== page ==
San Bernardino County voters will get a chance this November to decide whether they want the county to secede from California.
The Board of Supervisors this week opted to put the measure on the ballot.
"People are ticked off, and they have rights to be," said Yucca Valley resident Joy Pam.
"I definitely think it's crazy," said high desert realtor J. Ovier Alvarez. "Are you kidding me?"
Inland Empire real estate developer Jeff Burum made the pitch to the San Bernardino County Board of Supervisors that the county should become its own state. He said the county has been neglected by California leaders and is missing out on its fair share of resources.
"San Bernardino County has long suffered enough," Burum said.
San Bernardino County ranks 36th of 56 counties in per-capita revenue received from state and federal governments – despite being home to the 5th largest population in the state.
"I don’t believe it’s feasible politically or financially to secede from California," said San Bernardino County Supervisor Janice Rutherford. "However, I absolutely join with my constituents who have a growing, palpable anger about everything from high gas prices to burdensome taxes."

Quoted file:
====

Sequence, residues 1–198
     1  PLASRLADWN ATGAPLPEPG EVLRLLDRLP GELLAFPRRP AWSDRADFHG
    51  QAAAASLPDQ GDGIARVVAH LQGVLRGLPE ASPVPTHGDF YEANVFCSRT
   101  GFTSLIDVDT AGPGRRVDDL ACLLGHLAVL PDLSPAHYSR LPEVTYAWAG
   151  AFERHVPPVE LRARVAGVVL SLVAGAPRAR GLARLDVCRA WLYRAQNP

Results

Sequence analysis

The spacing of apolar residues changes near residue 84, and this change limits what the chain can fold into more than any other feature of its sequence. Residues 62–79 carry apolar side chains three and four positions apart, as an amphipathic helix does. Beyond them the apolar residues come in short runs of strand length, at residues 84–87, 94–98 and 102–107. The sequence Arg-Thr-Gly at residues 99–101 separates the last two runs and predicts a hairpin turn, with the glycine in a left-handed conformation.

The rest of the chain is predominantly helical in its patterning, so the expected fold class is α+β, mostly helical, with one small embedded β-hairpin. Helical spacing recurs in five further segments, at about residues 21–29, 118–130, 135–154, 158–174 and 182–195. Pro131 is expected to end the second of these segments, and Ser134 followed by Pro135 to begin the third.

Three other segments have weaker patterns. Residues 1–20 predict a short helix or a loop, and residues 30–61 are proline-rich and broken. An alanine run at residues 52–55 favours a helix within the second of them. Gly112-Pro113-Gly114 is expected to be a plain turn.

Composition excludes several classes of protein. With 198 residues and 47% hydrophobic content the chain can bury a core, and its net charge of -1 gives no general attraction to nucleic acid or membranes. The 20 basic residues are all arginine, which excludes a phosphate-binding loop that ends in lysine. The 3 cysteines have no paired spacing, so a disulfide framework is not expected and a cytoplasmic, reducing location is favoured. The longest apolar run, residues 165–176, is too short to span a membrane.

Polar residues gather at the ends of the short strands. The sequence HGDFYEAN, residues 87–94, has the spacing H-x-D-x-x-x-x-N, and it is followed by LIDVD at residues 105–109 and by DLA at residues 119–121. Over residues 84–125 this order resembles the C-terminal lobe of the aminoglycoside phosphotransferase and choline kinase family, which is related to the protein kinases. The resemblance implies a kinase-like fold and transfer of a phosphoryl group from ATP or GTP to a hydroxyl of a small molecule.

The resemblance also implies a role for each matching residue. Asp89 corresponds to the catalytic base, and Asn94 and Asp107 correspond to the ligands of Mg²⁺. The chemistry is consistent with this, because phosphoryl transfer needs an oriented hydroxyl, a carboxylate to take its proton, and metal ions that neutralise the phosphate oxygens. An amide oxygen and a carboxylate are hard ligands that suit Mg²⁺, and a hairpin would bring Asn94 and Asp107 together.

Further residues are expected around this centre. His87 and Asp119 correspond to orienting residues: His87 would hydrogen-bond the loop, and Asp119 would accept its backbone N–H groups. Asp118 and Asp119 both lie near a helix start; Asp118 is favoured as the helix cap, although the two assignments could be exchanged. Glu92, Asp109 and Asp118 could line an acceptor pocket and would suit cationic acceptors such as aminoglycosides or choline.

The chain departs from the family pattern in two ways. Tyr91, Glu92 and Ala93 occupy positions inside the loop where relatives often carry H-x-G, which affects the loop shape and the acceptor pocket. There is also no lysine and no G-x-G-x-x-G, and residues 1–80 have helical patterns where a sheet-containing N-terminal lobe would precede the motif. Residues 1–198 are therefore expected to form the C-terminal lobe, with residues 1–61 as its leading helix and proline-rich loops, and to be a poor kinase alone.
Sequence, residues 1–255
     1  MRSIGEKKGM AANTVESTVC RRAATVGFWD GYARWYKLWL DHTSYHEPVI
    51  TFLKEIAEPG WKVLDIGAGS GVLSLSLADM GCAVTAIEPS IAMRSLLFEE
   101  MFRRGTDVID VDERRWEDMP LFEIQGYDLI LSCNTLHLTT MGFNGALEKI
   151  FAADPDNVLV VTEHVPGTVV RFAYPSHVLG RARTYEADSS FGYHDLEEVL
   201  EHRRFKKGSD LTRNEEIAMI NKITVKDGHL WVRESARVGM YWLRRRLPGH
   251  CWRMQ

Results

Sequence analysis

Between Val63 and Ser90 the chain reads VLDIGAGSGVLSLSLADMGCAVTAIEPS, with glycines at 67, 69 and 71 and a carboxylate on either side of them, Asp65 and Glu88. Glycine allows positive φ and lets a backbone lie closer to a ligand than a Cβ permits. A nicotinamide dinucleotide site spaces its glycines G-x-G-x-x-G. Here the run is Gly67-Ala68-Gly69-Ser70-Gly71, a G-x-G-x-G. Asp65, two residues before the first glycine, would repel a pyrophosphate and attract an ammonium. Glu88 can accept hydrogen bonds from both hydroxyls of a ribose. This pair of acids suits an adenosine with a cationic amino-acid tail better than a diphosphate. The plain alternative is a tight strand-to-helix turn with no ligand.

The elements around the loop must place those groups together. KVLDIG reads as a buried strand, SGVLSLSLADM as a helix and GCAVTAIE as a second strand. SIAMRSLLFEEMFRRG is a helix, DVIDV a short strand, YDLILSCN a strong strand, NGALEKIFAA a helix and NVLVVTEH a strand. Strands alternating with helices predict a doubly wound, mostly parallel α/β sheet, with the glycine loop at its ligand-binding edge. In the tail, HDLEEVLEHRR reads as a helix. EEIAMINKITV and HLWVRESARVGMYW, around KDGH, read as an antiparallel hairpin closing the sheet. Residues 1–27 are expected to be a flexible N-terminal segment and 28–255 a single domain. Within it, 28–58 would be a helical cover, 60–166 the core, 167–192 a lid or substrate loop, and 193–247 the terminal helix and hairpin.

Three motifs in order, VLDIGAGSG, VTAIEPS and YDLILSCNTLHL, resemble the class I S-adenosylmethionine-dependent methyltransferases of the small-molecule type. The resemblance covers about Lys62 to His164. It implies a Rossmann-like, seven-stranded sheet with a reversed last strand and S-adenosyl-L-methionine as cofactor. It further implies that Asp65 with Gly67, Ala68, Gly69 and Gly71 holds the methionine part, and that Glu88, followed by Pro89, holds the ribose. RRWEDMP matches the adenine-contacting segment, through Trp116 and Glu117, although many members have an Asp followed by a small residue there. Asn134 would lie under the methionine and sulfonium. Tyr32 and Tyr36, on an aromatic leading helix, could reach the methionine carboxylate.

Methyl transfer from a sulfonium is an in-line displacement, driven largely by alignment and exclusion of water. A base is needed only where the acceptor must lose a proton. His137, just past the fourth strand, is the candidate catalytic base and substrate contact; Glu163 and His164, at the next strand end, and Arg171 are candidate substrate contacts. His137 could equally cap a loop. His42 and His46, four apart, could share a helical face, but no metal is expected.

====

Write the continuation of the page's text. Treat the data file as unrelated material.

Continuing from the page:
San Bernardino is geographically the largest county in the nation – bigger than 9 states in the U.S.
Nearly 2.2 million residents live there – more than in 15 states.
"The taxes are ridiculous," Pam said. "And I think that the leadership is just – they have no logic."
Alvarez said seceding doesn't seem realistic to him – but he suspects this is a stunt to get attention from higher government.
"I do see a strategy behind them," Alvarez said. "They're trying to push the state for them to figure out what to do."
If voters decide to secede, the measure would still need to clear the state legislature and United States Congress, which few believe would ever happen.
If successful, the long-shot plan would create the first new state since Hawaii in 1959.